Easily one of the most eagerly anticipated films at this year’s festival is The Pervert’s Guide to Ideology, director Sophie Fiennes’s followup to her 2006 cult hit The Pervert’s Guide to Cinema, which also debuted at TIFF.
Audiences will be left reeling at the latest collaboration between Fiennes and Slovenian cultural critic Slavoj Zizek, which has its world premiere tonight at TIFF. In their 2006 film, which contributed to Zizek’s growing reputation as an iconoclast, Fiennes captured Zizek pontificating about movies and ideology.
The sequel is a singular trip through some iconic American film moments, in which Zizek is inserted into the action – sitting on an ice floe next to Leonardo DiCaprio and Kate Winslet in the final scene of Titanic, lying on the bed like a brooding Robert De Niro did in Taxi Driver, and prancing across the same hilltop Julie Andrews did in The Sound of Music – all the while explaining his theories about what ideological ideas each movie contains.
Zizek’s romp through pop culture feels like a strange dream, with a mad professor re-enacting our favourite movie moments through the eyes of a therapist. The Pervert’s Guide to Ideology is invigorating, zany, entirely memorable and often hilarious. Zizek goes from praising Coca-Cola to analyzing what the shark attacks really mean in Jaws.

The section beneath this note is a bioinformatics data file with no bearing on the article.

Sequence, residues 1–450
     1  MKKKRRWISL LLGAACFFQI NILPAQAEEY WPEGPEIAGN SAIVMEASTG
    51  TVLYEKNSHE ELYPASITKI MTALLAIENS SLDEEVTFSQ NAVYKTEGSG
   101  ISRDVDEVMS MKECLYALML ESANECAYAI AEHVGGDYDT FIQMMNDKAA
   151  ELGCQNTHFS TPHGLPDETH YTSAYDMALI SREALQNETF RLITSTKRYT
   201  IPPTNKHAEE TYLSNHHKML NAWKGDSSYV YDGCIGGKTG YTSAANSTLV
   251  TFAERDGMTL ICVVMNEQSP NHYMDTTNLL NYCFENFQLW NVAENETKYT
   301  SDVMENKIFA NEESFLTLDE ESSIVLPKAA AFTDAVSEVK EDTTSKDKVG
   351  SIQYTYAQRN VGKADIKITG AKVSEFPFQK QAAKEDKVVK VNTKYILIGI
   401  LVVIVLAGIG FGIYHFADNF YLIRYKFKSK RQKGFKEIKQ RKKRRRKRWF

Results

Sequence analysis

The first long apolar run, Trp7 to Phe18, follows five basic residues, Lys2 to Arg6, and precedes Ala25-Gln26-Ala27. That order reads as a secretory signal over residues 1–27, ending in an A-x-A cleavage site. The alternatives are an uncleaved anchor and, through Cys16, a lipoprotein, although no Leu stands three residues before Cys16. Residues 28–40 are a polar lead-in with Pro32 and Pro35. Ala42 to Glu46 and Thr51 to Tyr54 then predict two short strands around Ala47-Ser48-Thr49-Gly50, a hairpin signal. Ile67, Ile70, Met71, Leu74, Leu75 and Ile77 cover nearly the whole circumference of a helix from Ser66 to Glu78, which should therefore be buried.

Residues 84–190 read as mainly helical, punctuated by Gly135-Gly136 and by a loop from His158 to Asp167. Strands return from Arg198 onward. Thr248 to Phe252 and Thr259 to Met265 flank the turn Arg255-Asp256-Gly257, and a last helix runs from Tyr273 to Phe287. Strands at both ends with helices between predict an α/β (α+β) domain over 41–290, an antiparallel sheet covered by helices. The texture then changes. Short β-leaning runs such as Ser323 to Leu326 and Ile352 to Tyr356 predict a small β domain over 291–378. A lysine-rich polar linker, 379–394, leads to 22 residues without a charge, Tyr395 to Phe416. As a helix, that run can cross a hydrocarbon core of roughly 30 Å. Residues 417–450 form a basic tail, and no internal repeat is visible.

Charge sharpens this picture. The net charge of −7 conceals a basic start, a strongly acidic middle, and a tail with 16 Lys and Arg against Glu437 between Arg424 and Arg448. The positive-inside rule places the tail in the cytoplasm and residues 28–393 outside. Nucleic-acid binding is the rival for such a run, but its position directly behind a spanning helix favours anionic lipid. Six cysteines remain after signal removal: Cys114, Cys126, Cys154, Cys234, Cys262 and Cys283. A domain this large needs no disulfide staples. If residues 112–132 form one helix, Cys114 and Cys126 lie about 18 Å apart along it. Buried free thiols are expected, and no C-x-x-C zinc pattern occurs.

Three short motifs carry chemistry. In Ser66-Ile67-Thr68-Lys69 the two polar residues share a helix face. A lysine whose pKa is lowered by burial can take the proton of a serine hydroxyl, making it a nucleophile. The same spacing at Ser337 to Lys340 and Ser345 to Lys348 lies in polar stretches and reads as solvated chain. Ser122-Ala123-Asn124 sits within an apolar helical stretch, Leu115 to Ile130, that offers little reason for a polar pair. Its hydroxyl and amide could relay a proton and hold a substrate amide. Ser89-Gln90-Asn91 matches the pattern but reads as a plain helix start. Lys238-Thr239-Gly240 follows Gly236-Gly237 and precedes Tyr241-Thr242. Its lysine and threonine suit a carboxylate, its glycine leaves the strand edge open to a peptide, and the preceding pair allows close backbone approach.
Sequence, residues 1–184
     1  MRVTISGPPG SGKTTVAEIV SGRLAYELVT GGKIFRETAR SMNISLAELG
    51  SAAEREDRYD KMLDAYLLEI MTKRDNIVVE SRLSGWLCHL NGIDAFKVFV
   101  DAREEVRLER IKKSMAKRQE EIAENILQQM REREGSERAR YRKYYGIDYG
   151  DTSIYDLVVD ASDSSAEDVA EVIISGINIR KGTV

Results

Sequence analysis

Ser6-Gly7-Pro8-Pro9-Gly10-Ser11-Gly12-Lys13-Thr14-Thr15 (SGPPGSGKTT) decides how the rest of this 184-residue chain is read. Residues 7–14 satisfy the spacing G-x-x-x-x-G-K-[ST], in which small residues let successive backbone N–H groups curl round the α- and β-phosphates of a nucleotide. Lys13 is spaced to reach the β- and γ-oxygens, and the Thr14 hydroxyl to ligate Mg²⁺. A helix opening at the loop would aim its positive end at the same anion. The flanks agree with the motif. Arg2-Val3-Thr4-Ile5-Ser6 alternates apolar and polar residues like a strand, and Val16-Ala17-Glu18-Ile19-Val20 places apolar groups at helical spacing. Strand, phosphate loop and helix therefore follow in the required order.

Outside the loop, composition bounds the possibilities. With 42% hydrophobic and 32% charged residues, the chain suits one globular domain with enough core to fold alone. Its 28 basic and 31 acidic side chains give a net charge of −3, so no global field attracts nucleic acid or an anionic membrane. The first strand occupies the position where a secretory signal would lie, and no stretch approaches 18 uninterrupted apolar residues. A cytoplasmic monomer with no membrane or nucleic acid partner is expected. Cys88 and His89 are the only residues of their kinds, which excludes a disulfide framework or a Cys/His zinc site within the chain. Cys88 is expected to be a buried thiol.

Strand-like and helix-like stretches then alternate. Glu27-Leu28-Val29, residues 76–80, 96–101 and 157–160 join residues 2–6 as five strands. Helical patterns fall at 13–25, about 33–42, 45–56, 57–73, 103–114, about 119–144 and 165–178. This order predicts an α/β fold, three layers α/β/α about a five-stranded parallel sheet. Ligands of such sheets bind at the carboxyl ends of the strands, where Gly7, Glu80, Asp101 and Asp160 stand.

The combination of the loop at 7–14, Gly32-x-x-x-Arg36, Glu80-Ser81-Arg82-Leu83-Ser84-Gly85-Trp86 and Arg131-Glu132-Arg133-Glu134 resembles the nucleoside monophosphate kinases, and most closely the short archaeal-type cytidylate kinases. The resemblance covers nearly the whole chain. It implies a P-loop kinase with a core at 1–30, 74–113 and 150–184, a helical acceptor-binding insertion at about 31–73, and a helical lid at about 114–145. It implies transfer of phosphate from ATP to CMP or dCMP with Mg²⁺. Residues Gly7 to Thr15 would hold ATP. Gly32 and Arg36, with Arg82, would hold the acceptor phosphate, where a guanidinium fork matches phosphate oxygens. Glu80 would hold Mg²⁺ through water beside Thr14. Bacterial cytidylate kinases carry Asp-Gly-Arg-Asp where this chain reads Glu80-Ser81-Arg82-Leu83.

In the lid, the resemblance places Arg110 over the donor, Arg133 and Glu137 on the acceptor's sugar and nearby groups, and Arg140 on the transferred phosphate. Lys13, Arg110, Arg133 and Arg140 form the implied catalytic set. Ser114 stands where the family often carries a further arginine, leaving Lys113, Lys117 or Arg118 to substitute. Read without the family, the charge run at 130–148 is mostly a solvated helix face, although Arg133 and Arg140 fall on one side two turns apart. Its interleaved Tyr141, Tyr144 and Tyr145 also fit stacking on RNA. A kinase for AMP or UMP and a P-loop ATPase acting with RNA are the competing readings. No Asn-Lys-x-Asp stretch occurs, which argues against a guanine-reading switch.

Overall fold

Zizek has legions of followers and has been the subject of films before, including Canadian director Astra Taylor’s 2005 feature, titled Zizek! The fawning media attention and star status has also led to charges that he superficially combines different theories, with one particularly nasty recent charge that Zizek is the Borat of philosophy. “This is part of the propaganda against me,” he says. “If you call someone a star, a stand-up comedian, he’s funny, it’s a way of not taking them seriously. Now they’ve started to say I should be taken more seriously – that behind the laughter there’s a dangerous message.”
While Zizek says he was able to pack a lot of ideas into the new film, he concedes some cuts had to be made – ideas and dialogue that were just a bit too perverse. In one sequence Zizek had imagined about The Sound of Music, he wanted to sing a Stalinist version of My Favourite Things, in which the list of favourites would include “torture, gulags and intimidation.” The idea could not be included, he says, “because of copyright issues. If you’re too mocking of the films, they won’t allow you to use the clips.”